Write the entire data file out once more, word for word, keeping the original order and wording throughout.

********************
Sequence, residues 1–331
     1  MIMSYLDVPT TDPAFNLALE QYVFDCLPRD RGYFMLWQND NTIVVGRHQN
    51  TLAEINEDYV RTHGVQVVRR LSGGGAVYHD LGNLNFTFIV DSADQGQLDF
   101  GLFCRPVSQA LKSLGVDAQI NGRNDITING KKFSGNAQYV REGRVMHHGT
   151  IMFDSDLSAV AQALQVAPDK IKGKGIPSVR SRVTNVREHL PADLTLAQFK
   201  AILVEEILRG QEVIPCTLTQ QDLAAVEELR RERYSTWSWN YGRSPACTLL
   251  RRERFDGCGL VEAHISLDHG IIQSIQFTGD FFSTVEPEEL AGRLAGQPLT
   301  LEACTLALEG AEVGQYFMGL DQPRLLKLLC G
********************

Sequence, residues 1–331
     1  MIMSYLDVPT TDPAFNLALE QYVFDCLPRD RGYFMLWQND NTIVVGRHQN
    51  TLAEINEDYV RTHGVQVVRR LSGGGAVYHD LGNLNFTFIV DSADQGQLDF
   101  GLFCRPVSQA LKSLGVDAQI NGRNDITING KKFSGNAQYV REGRVMHHGT
   151  IMFDSDLSAV AQALQVAPDK IKGKGIPSVR SRVTNVREHL PADLTLAQFK
   201  AILVEEILRG QEVIPCTLTQ QDLAAVEELR RERYSTWSWN YGRSPACTLL
   251  RRERFDGCGL VEAHISLDHG IIQSIQFTGD FFSTVEPEEL AGRLAGQPLT
   301  LEACTLALEG AEVGQYFMGL DQPRLLKLLC G